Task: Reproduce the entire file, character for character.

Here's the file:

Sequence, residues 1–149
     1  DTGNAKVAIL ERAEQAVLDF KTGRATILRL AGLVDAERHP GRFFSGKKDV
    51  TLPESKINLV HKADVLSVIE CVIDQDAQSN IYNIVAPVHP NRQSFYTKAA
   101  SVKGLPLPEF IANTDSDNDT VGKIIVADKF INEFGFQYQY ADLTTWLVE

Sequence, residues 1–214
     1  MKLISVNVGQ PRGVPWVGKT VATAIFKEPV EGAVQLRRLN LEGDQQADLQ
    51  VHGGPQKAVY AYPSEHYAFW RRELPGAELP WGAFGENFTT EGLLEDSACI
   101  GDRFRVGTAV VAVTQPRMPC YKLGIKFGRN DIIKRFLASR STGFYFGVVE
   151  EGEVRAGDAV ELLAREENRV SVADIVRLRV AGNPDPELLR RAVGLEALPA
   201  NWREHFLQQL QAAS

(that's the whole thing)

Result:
Sequence, residues 1–149
     1  DTGNAKVAIL ERAEQAVLDF KTGRATILRL AGLVDAERHP GRFFSGKKDV
    51  TLPESKINLV HKADVLSVIE CVIDQDAQSN IYNIVAPVHP NRQSFYTKAA
   101  SVKGLPLPEF IANTDSDNDT VGKIIVADKF INEFGFQYQY ADLTTWLVE

Sequence, residues 1–214
     1  MKLISVNVGQ PRGVPWVGKT VATAIFKEPV EGAVQLRRLN LEGDQQADLQ
    51  VHGGPQKAVY AYPSEHYAFW RRELPGAELP WGAFGENFTT EGLLEDSACI
   101  GDRFRVGTAV VAVTQPRMPC YKLGIKFGRN DIIKRFLASR STGFYFGVVE
   151  EGEVRAGDAV ELLAREENRV SVADIVRLRV AGNPDPELLR RAVGLEALPA
   201  NWREHFLQQL QAAS